3.5. Analyzes of pranayama tolerance

As shown in Table 3, both pranayama subgroups, those with and without AEs, did not differ significantly in their selection between Kapalabhati, Ujjayi, or Nadi Shodhana (p = 0.674). Moreover, performing a special meditative pranayama breathing technique did not cause dropout (p = 0.175). However, additional regression analyzes showed that performing Kapalabhati versus Ujjayi or Nadi Shodhana was a significant linear predictor of poorer primary study outcome (worsening in PTSD severity) in the pranayama group with recurrent AEs (B = -5.57; SE = 1.186; p = 0.020; adjusted R2 = 0.49). In the pranayama group without AEs, the linear regression was not significant (B = 1.33; SE = 3.01; p = 0.664; adjusted R2 = -0.05; Figure 2).


Figure 2. Results of the linear regression analysis for (A) patients without recurrent adverse events during pranayama and for (B) patients with recurrent adverse events during pranayama. PTSD = Post-traumatic stress disorder.

3.6. Moderation analysis

A concurrent diagnosis of an ICD-10 F45 somatoform disorder significantly moderated the effect of treatment allocation on change in PTSD severity with b3 = −11.90 (95% CI = -22.56|-1.24; p = 0.029). Descriptive analyzes of the conditional effects of treatment allocation on change in PTSD severity found that patients without a somatoform disorder reported a mean reduction in PCL-5 score of −4.96, while patients with a somatoform disorder reported a worsening of 6.94. The scatterplot (Figure 3) revealed that control patients with somatoform disorders were equally distributed regarding the amount of change in PTSD severity, while pranayama patients with somatoform disorders showed a skewed distribution toward a worsening in PTSD severity. Other tested comorbidities, sociodemographic and disease characteristics (as displayed in Table 2) did not significantly moderate primary study outcome.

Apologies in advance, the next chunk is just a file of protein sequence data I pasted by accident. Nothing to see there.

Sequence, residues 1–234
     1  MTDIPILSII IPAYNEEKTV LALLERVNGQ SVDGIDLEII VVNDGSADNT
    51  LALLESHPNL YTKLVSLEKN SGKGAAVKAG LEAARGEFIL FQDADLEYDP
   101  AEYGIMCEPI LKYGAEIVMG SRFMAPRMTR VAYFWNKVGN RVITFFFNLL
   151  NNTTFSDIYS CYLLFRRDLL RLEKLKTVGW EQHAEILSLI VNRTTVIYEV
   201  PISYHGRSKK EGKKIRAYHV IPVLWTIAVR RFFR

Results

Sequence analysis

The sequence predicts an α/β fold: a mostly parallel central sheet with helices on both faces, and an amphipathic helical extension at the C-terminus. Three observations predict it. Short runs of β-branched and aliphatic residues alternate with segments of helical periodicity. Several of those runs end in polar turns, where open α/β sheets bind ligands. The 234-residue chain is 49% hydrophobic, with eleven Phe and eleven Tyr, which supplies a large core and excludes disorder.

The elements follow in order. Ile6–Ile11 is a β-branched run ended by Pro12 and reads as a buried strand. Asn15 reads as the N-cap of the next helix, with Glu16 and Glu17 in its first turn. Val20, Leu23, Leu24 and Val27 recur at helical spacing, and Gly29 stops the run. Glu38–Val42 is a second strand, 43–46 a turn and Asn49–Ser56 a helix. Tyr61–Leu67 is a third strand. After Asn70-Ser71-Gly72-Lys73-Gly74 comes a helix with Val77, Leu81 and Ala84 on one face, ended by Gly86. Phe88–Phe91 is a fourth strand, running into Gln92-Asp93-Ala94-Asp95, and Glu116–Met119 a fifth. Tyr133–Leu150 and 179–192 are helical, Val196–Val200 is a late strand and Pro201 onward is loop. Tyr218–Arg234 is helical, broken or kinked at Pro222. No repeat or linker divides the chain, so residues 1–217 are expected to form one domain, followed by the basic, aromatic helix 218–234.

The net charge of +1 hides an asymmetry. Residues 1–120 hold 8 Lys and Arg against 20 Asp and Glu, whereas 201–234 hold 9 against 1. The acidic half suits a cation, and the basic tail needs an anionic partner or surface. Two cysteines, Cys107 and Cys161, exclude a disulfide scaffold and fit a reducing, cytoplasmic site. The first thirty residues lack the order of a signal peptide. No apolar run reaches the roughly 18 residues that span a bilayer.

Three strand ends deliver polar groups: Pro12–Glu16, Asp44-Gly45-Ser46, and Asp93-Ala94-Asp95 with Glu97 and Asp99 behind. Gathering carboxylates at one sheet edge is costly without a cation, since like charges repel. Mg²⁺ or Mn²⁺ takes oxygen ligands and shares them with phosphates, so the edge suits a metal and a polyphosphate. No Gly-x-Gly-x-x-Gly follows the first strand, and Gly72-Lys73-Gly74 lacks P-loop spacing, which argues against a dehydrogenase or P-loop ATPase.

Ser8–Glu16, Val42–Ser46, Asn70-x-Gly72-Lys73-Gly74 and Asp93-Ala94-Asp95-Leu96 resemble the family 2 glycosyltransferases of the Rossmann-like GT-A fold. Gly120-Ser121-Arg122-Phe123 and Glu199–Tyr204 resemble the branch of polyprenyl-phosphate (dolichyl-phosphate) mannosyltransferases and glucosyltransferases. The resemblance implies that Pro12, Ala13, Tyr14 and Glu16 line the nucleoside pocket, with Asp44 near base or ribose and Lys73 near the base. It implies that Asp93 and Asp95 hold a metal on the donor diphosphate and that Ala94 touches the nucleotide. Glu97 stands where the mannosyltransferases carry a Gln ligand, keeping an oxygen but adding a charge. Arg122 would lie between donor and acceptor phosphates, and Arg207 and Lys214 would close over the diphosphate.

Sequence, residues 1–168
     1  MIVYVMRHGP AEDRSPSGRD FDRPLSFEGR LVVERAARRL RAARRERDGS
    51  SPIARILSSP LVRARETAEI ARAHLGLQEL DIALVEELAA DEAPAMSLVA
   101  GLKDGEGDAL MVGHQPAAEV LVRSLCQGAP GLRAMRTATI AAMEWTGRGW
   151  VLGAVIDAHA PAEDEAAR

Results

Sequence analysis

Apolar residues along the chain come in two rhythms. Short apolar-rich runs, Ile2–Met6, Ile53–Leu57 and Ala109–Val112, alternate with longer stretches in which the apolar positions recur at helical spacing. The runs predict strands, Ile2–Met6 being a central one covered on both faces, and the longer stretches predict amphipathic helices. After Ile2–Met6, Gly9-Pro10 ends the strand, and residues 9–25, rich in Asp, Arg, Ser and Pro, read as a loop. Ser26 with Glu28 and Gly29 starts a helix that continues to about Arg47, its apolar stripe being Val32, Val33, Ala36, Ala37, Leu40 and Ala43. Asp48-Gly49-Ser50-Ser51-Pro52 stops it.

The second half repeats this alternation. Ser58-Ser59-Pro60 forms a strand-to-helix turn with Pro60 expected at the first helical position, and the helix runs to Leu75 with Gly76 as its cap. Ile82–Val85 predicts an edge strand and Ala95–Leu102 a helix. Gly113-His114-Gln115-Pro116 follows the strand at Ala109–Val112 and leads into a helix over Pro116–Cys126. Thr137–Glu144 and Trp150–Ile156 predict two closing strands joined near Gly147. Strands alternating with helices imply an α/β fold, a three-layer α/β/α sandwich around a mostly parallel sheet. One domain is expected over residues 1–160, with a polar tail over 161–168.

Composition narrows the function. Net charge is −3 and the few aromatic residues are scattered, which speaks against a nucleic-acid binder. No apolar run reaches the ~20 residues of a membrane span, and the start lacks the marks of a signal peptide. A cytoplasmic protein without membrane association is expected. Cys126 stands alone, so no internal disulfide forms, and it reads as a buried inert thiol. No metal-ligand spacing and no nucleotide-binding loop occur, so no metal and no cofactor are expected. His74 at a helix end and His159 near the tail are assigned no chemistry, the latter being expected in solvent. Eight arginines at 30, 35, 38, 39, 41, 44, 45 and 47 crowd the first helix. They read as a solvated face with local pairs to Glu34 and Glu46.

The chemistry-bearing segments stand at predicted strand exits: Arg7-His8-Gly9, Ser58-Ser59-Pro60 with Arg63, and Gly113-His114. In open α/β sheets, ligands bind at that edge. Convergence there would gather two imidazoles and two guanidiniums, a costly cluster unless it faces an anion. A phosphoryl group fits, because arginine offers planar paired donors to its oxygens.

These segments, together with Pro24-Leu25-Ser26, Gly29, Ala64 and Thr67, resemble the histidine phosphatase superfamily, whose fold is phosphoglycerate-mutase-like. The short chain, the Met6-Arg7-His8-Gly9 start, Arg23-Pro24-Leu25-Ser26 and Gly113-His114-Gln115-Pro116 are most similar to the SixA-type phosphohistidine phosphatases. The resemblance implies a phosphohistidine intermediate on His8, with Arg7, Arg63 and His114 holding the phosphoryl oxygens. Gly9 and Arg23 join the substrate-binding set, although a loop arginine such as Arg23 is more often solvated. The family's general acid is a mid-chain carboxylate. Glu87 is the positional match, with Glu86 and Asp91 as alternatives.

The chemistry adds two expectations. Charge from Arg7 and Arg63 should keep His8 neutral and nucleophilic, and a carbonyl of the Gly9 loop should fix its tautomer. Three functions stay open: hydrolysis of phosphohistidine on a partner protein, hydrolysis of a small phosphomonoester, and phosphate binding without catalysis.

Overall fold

Figure 3. Scatterplot of the moderation analysis. PTSD = Post-traumatic stress disorder, TF-CBT = Trauma-focused cognitive behavioral therapy.

4. Discussion

4.1. Summary of evidence

Pranayama might increase the effects of standard TF-CBT, as long as PTSD patients are able to tolerate the breathing techniques used. In those and only in those cases, 5 to 10 min of pranayama seem to stabilize patients more efficiently than standard stabilization techniques alone leading to lower PTSD severity after 10 TF-CBT sessions. In contrast, if pranayama techniques trigger AEs associated with traumatic memories, pranayama, in particular Kapalabhati and Kumbhaka, appear to destabilize patients and led to worsening of PTSD severity in comparison to TF-CBT alone. In summary, ITT analysis of the primary study outcome did not reveal significant differences.